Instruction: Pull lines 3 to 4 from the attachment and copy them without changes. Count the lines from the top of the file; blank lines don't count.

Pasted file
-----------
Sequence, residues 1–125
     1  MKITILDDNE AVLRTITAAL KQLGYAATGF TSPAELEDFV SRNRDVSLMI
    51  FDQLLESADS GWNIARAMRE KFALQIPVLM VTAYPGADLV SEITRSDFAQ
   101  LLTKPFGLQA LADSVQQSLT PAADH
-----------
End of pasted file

    51  FDQLLESADS GWNIARAMRE KFALQIPVLM VTAYPGADLV SEITRSDFAQ
   101  LLTKPFGLQA LADSVQQSLT PAADH